Is SEO Dead? | ClicksChamp

Is SEO Dead?

Yep. Jumping right in with a click bait title.  And I will cut right to the chase, the answer is well…complicated.

SEO or search engine optimization is the process of doing a bunch of technical wizardry to your website to get to the first page of Google. 

Believe me, using SEO to grow your local business was the cat’s pajamas for many years.  The key metric for SEO is to get your website on the first page of Google, but is that really that big of a deal today?

The SEO geeks have a joke:

Where’s the best place to hide a dead body?

    –On page two of Google.

But here’s the deal that joke needs a new, more accurate punchline. 

   –on the bottom of page 1.

Let’s look at a recent study from WordStream that examined where most consumers click on a search results page.

The study found, that 89% of consumers will click on a result above the scroll.

What exactly is the above the scroll?  Google Ads and the Maps section.

In terms of driving customers to your business, the WordStream article had even harsher news for people doing SEO.

If the term the consumer searches for on Google has a high buyer intent, such as plumber near me, or best roofing company then 67% of the time they will click only on an ad. Marinate on that for a minute….

If the search term is local in focus such as air conditioner repair Scottsdale or a branded term such as Rodney’s towing company then there is only a 50/50 chance the consumer will click on either an ad or an organic result.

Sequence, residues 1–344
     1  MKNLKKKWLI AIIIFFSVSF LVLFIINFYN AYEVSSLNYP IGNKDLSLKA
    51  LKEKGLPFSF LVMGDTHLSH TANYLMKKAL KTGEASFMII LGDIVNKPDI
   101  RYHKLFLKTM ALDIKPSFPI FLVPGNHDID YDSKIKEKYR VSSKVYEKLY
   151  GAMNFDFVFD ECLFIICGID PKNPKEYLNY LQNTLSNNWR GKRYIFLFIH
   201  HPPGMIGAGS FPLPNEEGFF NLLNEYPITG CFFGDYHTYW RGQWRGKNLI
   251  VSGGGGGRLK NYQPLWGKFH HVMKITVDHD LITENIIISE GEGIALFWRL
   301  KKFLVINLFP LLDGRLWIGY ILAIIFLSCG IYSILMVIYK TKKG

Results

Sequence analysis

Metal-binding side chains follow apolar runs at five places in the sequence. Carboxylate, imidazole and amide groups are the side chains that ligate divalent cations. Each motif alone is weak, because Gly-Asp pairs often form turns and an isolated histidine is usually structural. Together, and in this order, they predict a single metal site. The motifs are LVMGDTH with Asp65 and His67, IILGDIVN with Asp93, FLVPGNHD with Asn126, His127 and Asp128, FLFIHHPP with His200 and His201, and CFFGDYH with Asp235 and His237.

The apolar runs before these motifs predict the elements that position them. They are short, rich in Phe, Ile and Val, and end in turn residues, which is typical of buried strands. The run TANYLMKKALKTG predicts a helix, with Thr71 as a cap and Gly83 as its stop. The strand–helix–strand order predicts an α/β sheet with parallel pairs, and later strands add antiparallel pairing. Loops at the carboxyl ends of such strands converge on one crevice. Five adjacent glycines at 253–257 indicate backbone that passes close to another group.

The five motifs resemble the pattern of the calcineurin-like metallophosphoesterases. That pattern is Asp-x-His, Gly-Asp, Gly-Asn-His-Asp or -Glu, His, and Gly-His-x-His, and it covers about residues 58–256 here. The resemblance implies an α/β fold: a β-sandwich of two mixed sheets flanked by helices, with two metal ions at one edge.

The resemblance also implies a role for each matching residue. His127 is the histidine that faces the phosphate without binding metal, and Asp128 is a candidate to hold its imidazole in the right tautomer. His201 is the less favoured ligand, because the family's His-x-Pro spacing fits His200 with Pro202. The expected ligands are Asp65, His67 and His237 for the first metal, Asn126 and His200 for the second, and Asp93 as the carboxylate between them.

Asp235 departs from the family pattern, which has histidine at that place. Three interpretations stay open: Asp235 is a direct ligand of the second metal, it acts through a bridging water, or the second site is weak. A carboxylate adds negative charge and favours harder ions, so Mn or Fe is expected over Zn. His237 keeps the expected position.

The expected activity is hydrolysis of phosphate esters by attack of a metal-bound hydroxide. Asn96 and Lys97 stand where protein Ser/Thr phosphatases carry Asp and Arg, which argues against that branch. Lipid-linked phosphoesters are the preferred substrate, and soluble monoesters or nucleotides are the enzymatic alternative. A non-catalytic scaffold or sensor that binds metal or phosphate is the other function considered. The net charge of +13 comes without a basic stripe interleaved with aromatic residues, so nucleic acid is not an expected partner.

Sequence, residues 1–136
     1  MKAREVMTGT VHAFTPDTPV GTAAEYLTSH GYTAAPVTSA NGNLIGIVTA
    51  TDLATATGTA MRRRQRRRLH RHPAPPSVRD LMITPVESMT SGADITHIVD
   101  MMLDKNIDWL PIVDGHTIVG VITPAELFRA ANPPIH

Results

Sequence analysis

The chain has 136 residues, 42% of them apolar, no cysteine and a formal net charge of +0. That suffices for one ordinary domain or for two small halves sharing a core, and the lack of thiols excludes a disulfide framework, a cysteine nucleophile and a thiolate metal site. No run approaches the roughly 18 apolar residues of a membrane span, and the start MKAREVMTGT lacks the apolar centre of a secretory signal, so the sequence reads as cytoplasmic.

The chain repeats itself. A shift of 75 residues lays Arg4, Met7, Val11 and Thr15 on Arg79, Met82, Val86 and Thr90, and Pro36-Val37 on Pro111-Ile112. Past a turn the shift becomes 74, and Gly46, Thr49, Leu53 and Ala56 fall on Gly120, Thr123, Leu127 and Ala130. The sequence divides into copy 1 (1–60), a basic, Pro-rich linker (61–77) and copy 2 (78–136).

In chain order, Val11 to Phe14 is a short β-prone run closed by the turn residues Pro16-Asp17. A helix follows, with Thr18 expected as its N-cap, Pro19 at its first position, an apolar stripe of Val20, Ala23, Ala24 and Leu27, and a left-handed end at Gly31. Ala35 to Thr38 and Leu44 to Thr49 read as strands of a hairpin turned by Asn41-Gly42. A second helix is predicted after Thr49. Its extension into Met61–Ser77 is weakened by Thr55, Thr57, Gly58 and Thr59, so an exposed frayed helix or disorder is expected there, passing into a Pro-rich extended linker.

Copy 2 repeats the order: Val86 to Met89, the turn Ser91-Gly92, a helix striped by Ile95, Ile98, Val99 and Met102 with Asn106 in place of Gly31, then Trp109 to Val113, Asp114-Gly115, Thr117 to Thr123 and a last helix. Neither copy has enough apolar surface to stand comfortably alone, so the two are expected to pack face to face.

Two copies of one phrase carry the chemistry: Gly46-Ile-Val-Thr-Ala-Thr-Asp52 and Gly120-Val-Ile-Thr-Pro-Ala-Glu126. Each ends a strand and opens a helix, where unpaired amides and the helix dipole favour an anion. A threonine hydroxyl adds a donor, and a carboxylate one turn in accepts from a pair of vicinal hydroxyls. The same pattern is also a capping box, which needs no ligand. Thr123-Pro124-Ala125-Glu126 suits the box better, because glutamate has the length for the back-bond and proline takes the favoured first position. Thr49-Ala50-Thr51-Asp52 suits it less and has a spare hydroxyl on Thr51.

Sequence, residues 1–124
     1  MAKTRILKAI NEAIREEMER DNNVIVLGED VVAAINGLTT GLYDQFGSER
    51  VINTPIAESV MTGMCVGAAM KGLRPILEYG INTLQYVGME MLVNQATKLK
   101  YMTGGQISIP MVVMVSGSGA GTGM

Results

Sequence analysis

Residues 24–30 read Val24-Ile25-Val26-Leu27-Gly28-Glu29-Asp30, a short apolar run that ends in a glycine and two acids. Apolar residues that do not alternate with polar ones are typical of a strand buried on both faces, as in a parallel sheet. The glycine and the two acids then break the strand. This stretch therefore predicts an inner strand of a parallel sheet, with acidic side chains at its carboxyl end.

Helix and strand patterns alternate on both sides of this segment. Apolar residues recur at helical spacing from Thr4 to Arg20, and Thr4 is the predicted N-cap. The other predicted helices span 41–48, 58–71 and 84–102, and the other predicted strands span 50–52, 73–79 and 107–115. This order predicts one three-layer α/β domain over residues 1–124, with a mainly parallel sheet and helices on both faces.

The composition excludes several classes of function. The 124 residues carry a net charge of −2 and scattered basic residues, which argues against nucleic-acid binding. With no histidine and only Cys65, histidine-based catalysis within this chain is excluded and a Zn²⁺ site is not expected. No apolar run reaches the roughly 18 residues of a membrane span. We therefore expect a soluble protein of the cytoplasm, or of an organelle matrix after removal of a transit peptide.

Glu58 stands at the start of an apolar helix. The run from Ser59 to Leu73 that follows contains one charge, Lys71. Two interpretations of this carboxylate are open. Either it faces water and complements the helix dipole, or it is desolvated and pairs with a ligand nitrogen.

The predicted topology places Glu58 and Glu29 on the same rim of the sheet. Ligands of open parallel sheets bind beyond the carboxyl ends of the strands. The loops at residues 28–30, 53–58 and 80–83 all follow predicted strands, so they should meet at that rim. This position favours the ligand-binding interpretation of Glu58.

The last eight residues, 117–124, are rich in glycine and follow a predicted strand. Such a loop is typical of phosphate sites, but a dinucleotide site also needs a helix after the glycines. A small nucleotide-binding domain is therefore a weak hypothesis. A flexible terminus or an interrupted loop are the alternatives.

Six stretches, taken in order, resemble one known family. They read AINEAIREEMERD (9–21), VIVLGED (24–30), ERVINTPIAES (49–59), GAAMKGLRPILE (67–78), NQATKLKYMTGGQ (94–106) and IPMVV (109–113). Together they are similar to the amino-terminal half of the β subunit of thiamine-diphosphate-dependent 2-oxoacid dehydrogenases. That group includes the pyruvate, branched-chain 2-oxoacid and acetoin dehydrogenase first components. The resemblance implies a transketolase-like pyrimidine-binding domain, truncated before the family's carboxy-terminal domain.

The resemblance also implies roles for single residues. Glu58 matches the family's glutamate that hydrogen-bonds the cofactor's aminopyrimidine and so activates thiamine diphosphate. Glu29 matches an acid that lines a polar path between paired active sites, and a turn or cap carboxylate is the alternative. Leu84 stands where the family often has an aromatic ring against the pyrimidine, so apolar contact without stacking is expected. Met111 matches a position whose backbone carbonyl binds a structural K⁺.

Ok, let me rant a bit here….if you are Rodney’s Towing company and you are not running Google Ads, but your main competitor Bob’s Easy Tow is running Google Ads, that consumer that was searching specifically for you is just as likely to call Bob as they are to call you.

Yep. That sucks.

Ok. I can hear you all the way from here….. Google Ads are expensive. And of course that answer can be true if you don’t have the time to dial in the campaign. 

But let me ask you this…how expensive will it be if you go you go out of business?

Of course to really answer the question—to advertise or not to advertise we only need to jump in our DeLorean and go back in time before the Internet made it so dog-gone easy to promote a local business.

How did people grow their business before the internet?

  1. They put signs on their building to build brand awareness and if anyone that drove by saw the sign and would say to themselves, “Hey, that’s a plumbing company, if my pipes break I’ll need to remember them so I can call them up.”

Nice branding for sure, but in 2019 it is not much different than having a website. If your building was a busy street you may have more people driving by for sure, just like if you were located somewhere at the bottom of page 1.

People will see you, but if the pipes break they may or may not remember you.

  1. Back in the 20th century business owners went to networking events and got to know other business people who could potentially recommend them/

Not a bad way to go and this method works exactly the same way today as it did before the Internet changed things.  However, to do it right it takes a lot of time, and while that may appear to be free, how valuable is your time?

Personally I would rather spend my time doing billable work. Plus, let’s be real, you will get an occasional referral for sure, but is this system scalable?

  1. The main way people promoted their business before the internet is they bought advertising.  Granted the ads were in newspapers or in the yellow pages, but both of those channels were pretty awesome while they lasted.